A Poem Writer (Roscoe)

Letter transcription:

Lieut. R. S. Yegerlehner USNR
Navy 60 F.P.O. San Fran. Cal.
Aug. 24, 1943

Dear Mother,

You remember the letter from the Ind. State medical assoc. that you forwarded to me. I don’t know if I mentioned it or not but I got one direct from them earlier – Well in one of my off moments I decided to answer them and I am enclosing a copy of that letter – don’t think me too bold or evil for I just had to answer them.

I’ve had a hard time so far – a telephone call, gathering in yesterday’s laundry because of a sprinkle, and then a call from sick bay – some fellow sawed on a couple of fingers and needed some repair. The telephone call was relative to sanitation of which I’m the appointed or condemned one to look after the naval sanitation of the area. It’s a kind of thankless job and of course one gets in someone’s hair more than somewhat when he tells the guy he’s dirty. Maybe it isn’t so bad as all that but it could be.

The mail is a little slowed down again and I do hope it comes again in a day or two because those letters mean so much – I’ve told you that so often it’s becoming trite now anyway they really do.

I’ll stop on one page today because I want to send that other letter. You probably won’t approve of the letter but I didn’t want to keep anything from you so lots of love


Lieut. R. S. Yegerlehner, USNR.
Navy 60
c/o Fleet Post Office
San Francisco, California
August 23, 1943.

Indiana State Medical Ass’n.
1021 Hume Mansur Building.
Indianapolis, Indiana.

Dear Medsoc:

Doctors – you may rest assured that we worry more than somewhat about you OLD medics, and we know that your ever present dangers back there even surpass our wildest imagination. Our dangers here have been covered and completely summarized by Dr. Carleton & McCullough as written in your July letter, a copy of which I recently received. It’s not dangers that we worry about, but another problem. I written a little poem to get the idea over to you – Title.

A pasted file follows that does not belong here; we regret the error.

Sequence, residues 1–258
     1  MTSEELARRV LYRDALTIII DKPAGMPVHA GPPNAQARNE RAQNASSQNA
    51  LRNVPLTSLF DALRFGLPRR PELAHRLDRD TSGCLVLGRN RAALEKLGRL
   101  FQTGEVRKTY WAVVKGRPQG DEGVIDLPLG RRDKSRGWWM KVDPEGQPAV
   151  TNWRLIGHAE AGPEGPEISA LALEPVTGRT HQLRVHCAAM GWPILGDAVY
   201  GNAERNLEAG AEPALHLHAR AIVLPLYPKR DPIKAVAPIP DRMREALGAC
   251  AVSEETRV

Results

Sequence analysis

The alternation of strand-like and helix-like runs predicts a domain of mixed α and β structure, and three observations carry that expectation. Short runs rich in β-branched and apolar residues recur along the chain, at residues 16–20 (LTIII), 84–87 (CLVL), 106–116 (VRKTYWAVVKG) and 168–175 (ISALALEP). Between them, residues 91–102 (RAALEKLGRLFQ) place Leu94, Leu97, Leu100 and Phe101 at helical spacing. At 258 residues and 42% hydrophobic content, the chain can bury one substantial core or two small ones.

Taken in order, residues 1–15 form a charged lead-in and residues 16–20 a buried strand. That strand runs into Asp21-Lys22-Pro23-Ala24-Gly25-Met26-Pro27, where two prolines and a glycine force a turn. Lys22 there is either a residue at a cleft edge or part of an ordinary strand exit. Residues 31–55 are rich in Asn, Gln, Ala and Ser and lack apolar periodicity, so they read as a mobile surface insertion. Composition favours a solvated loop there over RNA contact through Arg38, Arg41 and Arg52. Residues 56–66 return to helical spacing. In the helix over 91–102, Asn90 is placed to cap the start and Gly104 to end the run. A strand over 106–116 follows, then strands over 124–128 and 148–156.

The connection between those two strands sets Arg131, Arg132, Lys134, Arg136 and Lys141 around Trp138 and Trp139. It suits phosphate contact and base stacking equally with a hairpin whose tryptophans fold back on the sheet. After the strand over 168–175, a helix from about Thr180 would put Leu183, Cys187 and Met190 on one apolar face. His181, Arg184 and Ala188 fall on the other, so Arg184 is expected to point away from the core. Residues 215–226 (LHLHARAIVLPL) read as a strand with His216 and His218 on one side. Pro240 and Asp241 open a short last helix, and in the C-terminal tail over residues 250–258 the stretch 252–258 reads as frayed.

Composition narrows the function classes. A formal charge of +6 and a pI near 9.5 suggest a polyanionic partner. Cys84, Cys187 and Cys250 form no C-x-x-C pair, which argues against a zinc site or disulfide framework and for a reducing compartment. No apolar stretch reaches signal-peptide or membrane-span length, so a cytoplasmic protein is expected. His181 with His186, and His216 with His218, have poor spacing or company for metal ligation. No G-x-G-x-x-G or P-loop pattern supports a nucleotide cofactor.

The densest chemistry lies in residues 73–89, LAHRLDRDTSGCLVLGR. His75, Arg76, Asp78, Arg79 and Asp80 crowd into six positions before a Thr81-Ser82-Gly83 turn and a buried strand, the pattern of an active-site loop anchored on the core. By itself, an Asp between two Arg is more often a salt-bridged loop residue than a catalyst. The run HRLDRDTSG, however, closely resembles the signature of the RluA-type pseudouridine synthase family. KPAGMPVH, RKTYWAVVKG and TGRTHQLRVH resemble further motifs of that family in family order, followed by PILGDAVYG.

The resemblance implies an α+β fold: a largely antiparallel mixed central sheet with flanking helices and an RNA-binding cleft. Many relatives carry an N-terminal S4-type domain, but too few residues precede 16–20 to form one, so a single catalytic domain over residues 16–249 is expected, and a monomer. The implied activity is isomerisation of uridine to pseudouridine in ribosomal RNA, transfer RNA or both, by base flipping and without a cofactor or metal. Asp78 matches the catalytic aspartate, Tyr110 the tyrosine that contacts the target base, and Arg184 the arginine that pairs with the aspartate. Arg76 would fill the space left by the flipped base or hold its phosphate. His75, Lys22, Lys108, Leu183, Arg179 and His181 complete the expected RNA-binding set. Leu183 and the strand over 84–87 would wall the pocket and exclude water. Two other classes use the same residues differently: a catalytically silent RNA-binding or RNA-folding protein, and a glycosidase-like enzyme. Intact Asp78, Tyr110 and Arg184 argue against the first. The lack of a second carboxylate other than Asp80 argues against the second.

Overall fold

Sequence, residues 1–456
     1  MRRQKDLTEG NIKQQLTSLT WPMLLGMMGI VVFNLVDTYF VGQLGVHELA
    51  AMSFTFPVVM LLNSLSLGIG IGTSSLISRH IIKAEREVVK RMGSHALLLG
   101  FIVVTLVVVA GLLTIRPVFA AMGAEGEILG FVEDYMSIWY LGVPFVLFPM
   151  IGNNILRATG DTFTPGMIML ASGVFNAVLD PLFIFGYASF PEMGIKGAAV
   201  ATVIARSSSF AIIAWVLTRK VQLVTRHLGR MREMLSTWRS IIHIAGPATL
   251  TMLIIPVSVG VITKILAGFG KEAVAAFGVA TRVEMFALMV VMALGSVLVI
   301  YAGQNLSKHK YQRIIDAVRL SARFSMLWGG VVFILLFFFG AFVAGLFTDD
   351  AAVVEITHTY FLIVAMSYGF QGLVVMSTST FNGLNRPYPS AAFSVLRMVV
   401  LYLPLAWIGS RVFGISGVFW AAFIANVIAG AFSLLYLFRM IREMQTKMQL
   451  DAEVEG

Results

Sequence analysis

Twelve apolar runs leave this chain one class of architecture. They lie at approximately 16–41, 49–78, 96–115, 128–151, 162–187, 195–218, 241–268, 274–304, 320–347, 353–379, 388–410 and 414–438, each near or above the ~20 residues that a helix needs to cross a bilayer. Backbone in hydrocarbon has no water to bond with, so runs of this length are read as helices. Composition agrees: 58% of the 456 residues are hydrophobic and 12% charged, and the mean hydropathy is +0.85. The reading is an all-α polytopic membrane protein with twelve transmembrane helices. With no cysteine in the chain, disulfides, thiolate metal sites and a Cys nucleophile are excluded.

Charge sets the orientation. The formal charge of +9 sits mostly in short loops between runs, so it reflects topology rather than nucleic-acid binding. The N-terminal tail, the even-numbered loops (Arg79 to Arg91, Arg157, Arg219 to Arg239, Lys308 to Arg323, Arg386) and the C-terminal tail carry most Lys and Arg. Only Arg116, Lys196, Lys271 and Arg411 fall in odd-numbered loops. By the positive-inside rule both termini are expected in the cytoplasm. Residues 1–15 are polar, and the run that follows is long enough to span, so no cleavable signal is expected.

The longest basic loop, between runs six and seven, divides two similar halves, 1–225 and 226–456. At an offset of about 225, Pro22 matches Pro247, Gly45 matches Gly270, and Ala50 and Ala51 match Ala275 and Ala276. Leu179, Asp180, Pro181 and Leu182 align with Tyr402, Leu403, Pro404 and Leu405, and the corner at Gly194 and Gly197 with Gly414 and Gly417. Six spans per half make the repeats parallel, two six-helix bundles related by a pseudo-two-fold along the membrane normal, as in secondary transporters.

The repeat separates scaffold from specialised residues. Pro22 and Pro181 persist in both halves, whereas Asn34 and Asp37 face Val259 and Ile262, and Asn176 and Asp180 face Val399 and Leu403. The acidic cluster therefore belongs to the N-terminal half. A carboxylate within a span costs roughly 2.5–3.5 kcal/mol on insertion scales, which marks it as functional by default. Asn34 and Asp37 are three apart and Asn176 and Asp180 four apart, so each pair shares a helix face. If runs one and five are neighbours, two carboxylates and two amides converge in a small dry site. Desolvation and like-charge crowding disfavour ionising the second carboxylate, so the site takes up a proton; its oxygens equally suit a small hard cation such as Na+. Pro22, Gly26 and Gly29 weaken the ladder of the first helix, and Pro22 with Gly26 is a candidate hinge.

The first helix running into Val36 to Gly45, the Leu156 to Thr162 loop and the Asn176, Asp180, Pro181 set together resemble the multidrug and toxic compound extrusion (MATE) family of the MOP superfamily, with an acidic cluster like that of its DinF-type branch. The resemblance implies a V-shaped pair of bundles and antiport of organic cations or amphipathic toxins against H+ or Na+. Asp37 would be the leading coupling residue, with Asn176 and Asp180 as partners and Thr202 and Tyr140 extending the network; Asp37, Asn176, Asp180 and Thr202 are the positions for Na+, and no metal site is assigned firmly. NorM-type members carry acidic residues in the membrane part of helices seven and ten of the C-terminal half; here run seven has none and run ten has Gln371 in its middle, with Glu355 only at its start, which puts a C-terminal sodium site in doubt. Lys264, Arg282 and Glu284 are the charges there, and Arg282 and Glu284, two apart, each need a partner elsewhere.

“The Tropical Heat Has Me”

I’m at a South sea Naval Base
And oh! Doctor what a H___ of a place.
You can imagine the moonlight nights
When one can step out and enjoy the sights.
But what are the sights that one usually sees?
A multitude of coconut trees.
These isles are shown in movies freely,
And you sit back there and look on gleely,
But time spent here with only men in khaki
Is enough to drive the romantic whacky.
So what we need here the moistest
Is a right good looking bunch of hostesses.
So get together you OLD birds back there
And send us each a divinely pair.
I’m not much of a poem writer as you can see
Hoping you are the same 10 derly.


A new runway, Russell Islands, 1943

A new runway, Russell Islands, 1943

©2014 copyright owned and transcribed by Deborah Sweeney
Post originally found: https://genealogylady.net/2014/12/31/a-poem-writer-roscoe/

1 thought on “A Poem Writer (Roscoe)

  1. davidmadison1942

    Well, what a hoot! RSY was a poet! Very clever. We always told him he should write a book, little knowing that he could have squeezed in a poem here and there. 🙂

    “So what we need here the moistest” should read “mostest”

    His turn of phrases here is very interesting. In Irving Berlin’s 1950 musical Call Me Madam, he wrote this lyric:

    “And in Washington I’m known by one and all
    As the hostess with the mostest on the ball”


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